Definition of Common Terms
Release Date 01/26/96
Updated and Released for the Web 11/01/96
To provide definitions of some terms used in the ARES/RACES
Policies and Procedures Handbook.
Look up terms alphabetically below, or click an
acronym here to bring the term and its definition to the top of your screen:
- Allied agencies
- Any agency, special district or organization, other than public
safety agencies, designated by competent authority. Examples include disaster relief
agencies such as the American Red Cross and CADRE, essential
service providers such as transportation districts or utilities, and hospitals.
- The Amateur Radio Emergency Service, part of the Amateur Radio Relay League's field organization, which
provides organizational structure and training materials. Public service events (bike
races, parades, and so on) are ARES events. (See the FAQ directory
for more information.)
- ARES/RACES Personnel
- Those amateur radio operators (and their immediate family members)
who are known to the city EC/RO and who, in his/her opinion, may reasonably be counted
upon to provide auxiliary communications support during RACES activations.
- California Emergency Services Radio System (CESRS)
- The state government radio system that links the Operational Area EOCs with State OES.
- Command 1
- The inter-EOC voice radio net on 2-meters. This net links city EOCs with the Operational Area EOC and allied agencies
for tactical voice traffic.
- Command 2
- The ARES/RACES leadership net on 440 MHz. This net links EC/ROs
and serves as a travel net for the leadership. (See Emergency Coordinator
(EC) and Radio Officer (RO).)
- Community Agency Disaster Relief Effort (CADRE)
- A coordinating body for agencies such as the Salvation Army and
Second Harvest Food Bank to which ARES/RACES provides auxiliary communications.
- Competent authority
- A disaster council or its public safety agency command personnel.
- Control 10
- The county local government radio system, which is used by County OES and other agencies.
- County ARES/RACES staff
- The County-level ARES/RACES leadership consisting of the District
Emergency Coordinator/Chief Radio Officer (DEC/CRO); Assistant District Emergency
Coordinators/Deputy Chief Radio Officers (ADECs/DCROs) for Operations, Technology,
Training, Planning, and Staffing; and other appointed staff. The overall leadership
develops County-wide policies and procedures, coordinates training, develops and conducts
exercises, represents ARES/RACES to the County Emergency Managers'
Association, and coordinates mutual aid.
- County Communications ("County Comm")
- The County's central communications dispatch facility.
- The District Emergency Coordinator and Chief Radio Officer for the
Santa Clara County Operational Area, including Stanford and NASA/Ames.
- Disaster Council
- Usually the elected governing body of a jurisdiction (for example,
the Board of Supervisors or City Council).
- Disaster Service Worker (DSW)
- A volunteer who is registered with a disaster council and who, if
activated and employed during an emergency, is covered by workers compensation insurance
by the employing government agency. Some cities and the County register DSWs. All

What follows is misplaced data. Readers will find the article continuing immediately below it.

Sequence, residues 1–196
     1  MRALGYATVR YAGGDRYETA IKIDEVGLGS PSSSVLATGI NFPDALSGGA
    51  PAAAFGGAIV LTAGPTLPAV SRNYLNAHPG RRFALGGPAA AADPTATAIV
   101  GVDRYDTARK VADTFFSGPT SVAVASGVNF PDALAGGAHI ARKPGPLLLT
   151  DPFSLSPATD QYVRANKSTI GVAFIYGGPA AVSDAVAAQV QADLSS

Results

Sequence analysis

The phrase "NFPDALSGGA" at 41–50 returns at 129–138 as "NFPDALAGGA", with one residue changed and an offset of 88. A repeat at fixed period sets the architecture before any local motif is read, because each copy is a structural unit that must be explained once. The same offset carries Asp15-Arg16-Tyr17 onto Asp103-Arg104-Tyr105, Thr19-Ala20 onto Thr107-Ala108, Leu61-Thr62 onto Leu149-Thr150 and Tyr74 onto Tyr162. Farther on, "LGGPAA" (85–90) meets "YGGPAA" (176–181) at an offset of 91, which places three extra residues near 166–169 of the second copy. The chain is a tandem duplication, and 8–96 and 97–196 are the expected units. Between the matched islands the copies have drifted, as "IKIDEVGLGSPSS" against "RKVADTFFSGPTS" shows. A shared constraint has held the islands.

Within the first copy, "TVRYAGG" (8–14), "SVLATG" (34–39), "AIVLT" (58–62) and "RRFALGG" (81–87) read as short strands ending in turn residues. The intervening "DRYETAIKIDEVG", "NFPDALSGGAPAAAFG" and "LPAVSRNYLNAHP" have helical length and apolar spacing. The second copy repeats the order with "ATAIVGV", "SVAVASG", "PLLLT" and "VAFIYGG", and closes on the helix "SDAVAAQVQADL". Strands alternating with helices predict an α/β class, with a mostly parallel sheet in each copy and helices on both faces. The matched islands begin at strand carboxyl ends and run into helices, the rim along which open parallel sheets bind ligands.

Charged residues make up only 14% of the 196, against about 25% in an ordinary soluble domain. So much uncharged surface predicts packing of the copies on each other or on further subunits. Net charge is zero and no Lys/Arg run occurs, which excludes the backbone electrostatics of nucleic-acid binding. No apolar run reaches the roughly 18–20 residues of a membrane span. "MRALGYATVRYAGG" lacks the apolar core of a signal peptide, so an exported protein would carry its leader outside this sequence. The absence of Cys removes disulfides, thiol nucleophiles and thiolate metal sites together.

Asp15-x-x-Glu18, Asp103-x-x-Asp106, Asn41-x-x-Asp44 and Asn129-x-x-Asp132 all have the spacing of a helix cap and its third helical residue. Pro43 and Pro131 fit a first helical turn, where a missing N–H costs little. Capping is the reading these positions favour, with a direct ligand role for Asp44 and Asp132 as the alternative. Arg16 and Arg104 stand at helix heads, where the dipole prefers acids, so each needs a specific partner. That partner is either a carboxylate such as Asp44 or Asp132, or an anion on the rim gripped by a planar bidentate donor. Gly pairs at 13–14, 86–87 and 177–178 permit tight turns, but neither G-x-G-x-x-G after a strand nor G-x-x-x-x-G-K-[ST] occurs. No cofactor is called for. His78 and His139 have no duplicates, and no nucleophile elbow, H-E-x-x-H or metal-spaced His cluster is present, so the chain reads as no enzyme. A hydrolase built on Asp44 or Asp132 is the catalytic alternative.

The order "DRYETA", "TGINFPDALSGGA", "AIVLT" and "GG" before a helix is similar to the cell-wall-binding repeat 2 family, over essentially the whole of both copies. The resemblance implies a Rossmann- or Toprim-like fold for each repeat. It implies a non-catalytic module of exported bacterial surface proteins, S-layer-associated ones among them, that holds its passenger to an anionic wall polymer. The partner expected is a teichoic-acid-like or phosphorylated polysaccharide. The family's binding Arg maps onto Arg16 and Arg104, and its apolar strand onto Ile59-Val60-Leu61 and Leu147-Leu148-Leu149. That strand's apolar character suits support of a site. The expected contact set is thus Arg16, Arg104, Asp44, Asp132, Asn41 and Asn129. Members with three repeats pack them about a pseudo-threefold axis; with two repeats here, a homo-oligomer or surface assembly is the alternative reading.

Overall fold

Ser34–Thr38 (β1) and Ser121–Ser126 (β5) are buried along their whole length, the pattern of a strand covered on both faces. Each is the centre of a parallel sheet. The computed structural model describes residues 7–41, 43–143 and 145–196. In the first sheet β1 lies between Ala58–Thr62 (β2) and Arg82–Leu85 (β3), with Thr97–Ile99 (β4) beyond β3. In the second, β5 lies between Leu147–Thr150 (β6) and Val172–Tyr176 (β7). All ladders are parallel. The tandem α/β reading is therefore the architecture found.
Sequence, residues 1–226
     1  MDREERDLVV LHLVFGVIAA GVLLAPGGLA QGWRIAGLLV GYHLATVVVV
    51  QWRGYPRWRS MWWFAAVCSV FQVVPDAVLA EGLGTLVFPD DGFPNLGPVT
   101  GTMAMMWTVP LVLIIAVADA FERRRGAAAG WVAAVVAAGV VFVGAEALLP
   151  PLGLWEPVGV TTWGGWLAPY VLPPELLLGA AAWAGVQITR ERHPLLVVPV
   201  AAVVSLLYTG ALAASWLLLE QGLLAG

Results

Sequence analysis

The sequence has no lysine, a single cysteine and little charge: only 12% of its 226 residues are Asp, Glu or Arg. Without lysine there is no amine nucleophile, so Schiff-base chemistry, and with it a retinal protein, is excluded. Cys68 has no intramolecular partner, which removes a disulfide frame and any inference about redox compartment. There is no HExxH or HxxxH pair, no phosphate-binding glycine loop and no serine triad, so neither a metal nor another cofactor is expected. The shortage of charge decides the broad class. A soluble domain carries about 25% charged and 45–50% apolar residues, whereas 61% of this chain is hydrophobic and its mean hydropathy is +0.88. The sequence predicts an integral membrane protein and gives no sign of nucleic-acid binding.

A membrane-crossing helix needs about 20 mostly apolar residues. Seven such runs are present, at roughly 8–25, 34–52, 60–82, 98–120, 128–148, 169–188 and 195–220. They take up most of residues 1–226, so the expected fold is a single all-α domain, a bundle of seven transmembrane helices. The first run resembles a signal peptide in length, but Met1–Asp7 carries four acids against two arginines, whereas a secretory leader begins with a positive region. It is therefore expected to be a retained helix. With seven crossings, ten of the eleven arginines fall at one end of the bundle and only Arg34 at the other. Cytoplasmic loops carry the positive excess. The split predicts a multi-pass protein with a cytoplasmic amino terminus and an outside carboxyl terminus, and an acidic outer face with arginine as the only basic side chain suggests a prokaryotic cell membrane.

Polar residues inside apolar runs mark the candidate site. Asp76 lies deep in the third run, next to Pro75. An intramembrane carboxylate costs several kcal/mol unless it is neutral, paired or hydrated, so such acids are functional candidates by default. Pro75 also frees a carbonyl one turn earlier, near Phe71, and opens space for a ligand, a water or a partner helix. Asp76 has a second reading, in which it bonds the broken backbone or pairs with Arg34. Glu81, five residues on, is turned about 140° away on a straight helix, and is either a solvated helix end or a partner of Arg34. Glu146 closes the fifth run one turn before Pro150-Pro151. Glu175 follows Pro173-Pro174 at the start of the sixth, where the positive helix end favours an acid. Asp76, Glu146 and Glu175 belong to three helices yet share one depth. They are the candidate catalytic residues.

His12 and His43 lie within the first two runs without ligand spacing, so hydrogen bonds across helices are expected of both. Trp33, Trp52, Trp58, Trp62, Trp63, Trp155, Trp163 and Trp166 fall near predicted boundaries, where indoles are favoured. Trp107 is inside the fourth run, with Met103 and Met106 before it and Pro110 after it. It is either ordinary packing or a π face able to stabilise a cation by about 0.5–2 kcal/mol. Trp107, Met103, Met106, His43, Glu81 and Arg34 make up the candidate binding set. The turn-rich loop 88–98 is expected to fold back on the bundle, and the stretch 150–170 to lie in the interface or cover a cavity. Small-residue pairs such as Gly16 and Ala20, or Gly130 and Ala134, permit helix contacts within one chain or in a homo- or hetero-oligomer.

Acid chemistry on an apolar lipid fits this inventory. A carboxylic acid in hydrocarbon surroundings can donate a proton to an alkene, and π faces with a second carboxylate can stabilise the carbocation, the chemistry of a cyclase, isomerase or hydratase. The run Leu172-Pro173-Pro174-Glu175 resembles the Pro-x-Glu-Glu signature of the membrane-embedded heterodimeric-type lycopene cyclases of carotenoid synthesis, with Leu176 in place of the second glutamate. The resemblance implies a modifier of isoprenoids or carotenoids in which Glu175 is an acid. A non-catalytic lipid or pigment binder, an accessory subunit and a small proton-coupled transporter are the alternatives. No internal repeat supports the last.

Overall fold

responders during RACES activations must be DSWs who are
registered in the Communications Class. (See the FAQ list for
- Duty Officer
- The member of the County ARES/RACES Staff who is on duty during RACES activations. Duty Officers serve 24-hour shifts and carry
Control-10 pagers and radios to allow them to be away from the Operational Area EOC during
their shifts. Duty Officers and Staff members use the tactical call signs OES-10 through
- The Emergency Coordinator and Radio Officer for a jurisdiction
within the Santa Clara County Operational Area, including Stanford and NASA/Ames.
- Emergency Bulletin Board System (EBBS)
- A stand-alone packet BBS that provides inter-EOC data
communications. See also: Packet data.
- Emergency Communications Center (ECC)
- A facility whose primary function is emergency communications
management. In Santa Clara County, the ARES/RACES ECC is located at the Santa Clara Valley
Chapter of the American Red Cross.
- Emergency Coordinator (EC)
- An ARES leadership title. There is a Section EC for the
five-county Section, District ECs in each County, Assistant DECs to aid the DECs, ECs in
each city, and Assistant ECs to aid the ECs. In Santa Clara County, ECs have parallel
appointments as the RACES function and uses the combined name
ARES/RACES. See also: Radio Officer and the FAQ
- Emergency Digital Information System (EDIS)
- The state government broadcast packet system by which
jurisdictions and agencies can send press releases and advisories to the media.
- Emergency Manager's Association (EMA)
- A committee whose membership consists of the managers of all city
Offices of Emergency Services in the County, the manager of the County Office of Emergency
Services, and the Emergency Managers of allied organizations.
ARES/RACES is represented to the EMA by the District Emergency Coordinator/Chief Radio
- Emergency Operations Center (EOC)
- A facility operated by each city, the county, the state and some
disaster response agencies to house its emergency management coordination function. The
Operational Area EOC, sometimes called the County EOC, is located at the Sheriff's Office
in San Jose.
- Emergency Services Coordinator
- The government employee in each jurisdiction who manages the
ARES/RACES program including Stanford but not NASA/Ames.
- EOC radio system
- The local government radio system, which links city EOCs with the Operational Area EOC. ARES/RACES responders may be asked to operate
this and other government radio systems.
- Expanded Response Procedure
- A procedure for use within Santa Clara County by which city EC/ROs
can request RACES mutual aid without further government-to-government
communication. The procedure includes a worksheet by which the EC/RO can estimate his/her